Wednesday, May 13, 2015

Ben Leddy on songs in the classroom

Our daughter Rachel put it this way: “This fifth-grade teacher says he has a superpower. What he reveals next will shock you.” It’s our son Ben at the Boston EdTalks 2015: “A Different Tune: Rethinking Songs in the Classroom.”

comments: 11

stefan said...

Fabulous, Ben, and congratulations! Your talk put an awfully big smile on my face.

misterbagman said...

Now I'm trying to figure out how to do a Bakhtinian critique of Dostoevsky's "The Idiot" to the tune of "Ghost Riders In The Sky." I'll let you know how I do.

The Crow said...

Ben is so cool! That sounds like faint praise, but I am so awestruck by what he's doing with his students that I can't find other words to express what I feel after watching the video.

Great work, Ben!

Michael Leddy said...

Thanks for the comments, Stefan, Mister B., and Crow. Ben will be sure to see them.

Fresca said...

This is adorable! And important.
Good on ya', Ben!

I really wish I'd had singing *math* lessons---language arts, history, geography, etc. are reinforced here and there in the adult world, but fractions aren't.

I have no doubt of the effectiveness and staying power of music, having worked with people with dementia who could still sing the songs of their childhoods.

The Crow said...

(Michael,please pardon my using your comment box to say something to Fresca.)

Fresca, do you suppose music or songs that involve incorporating family memories might either open doors to memory closets, or help rebuild memories. I know that for many the slate is wiped clean after a bit, but perhaps singing memory songs at the start of the day could help in the short term, maybe even build new pathways to still viable sections of the brain.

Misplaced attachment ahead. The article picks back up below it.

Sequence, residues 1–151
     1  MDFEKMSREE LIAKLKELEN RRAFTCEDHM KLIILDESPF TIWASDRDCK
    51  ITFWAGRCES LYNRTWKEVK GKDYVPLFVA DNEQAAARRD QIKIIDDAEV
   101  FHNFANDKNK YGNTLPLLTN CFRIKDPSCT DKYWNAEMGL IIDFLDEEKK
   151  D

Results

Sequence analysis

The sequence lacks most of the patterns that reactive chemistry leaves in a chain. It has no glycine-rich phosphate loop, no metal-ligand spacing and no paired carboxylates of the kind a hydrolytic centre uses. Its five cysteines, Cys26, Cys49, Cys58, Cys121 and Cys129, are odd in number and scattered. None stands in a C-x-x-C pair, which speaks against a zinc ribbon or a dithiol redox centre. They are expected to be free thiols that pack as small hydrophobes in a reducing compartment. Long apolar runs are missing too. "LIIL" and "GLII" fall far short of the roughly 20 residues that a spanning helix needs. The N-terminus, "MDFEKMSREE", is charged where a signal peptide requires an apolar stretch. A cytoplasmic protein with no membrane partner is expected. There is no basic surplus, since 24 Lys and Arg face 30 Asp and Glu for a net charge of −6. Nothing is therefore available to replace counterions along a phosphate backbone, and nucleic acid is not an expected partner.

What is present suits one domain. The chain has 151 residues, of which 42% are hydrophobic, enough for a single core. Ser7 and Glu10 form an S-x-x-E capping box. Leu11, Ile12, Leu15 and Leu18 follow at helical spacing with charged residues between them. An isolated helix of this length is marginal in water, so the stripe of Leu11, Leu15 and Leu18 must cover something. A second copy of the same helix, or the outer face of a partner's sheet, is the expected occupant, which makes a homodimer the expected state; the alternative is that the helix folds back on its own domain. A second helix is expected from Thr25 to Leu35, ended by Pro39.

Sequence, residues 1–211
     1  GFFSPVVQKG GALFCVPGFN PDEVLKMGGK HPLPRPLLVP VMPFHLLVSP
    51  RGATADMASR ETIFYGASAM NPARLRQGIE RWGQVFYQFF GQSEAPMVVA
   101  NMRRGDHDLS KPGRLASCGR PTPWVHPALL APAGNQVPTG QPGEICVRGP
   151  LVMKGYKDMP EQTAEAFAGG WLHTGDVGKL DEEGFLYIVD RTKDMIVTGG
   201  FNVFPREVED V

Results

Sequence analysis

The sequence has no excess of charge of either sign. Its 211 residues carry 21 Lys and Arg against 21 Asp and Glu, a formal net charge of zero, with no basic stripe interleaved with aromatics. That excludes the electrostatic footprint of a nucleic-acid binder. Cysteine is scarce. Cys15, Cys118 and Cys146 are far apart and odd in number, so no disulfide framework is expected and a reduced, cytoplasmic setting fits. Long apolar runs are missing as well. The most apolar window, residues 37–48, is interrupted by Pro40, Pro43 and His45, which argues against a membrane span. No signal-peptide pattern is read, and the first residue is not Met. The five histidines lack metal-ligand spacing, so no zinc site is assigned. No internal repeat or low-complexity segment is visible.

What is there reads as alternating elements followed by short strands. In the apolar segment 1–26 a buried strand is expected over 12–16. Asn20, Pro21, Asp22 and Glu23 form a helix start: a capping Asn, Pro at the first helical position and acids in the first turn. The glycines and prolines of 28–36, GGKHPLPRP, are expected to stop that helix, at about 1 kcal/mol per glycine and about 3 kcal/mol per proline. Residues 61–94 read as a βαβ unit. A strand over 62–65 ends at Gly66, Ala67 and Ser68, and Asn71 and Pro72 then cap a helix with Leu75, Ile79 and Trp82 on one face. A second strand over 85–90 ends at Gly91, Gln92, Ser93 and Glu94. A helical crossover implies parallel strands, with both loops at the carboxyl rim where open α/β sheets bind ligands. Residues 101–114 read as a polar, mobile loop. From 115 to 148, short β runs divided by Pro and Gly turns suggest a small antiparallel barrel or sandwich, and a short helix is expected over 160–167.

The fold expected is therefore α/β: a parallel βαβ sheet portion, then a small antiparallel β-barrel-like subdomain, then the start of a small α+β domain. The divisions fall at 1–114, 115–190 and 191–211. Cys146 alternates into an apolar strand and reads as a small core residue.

Ben's ideas could - perhaps - be of tremendous help with those of the autism spectrum, too. The human brain is the new frontier, both the healthy ones and the damaged ones.

Makes me wish I had stayed in medicine, gone on to become a physician. Ah, well - in the next life, if I can remember.

Michael Leddy said...

Martha, Fresca pointed me to the documentary Alive Inside, about music and dementia.

I still remember spelling songs from elementary school, one for hippopotamus, one for lollipop.

Anonymous said...

Thanks, all!


Elaine said...

Just 'Wow!' So many gifts. Thanks for sharing!

Michael Leddy said...

It’s a pleasure to share the guy’s work here.

Fresca said...

CROW: That's an interesting question!

I really don't know, but since music is part of a different memory system (not sure I'm saying that right) than talking or reading, I too wonder if it could be harnessed.

After all, people with dementia can learn new things---especially stuff involving "procedural memory" ("body memory"), like how to *do* stuff.

Ah-ha---here, I googled it and found this:

"In 2010, the researchers discovered that Alzheimer's patients had a much easier time recalling song lyrics after the words had been sung to them than they could after the words had been spoken. "It suggested that music might enhance new memory formation in patients," said Nicholas Simmons-Stern, lead author of the study.

... as-yet unpublished results lend hope to the idea, suggesting music will be a powerful tool for the treatment and care of dementia patients in the future."

I also found this interesting tidbit on music & memory:

"Studies have show that musicians tend to have a better memory than non-musicians, not just for music, but for words and pictures too.
Interestingly, they also tend to use different strategies for memorization, being more likely than non-musicians to group words into similar semantic categories, and less likely to verbalize pictures."
--from here: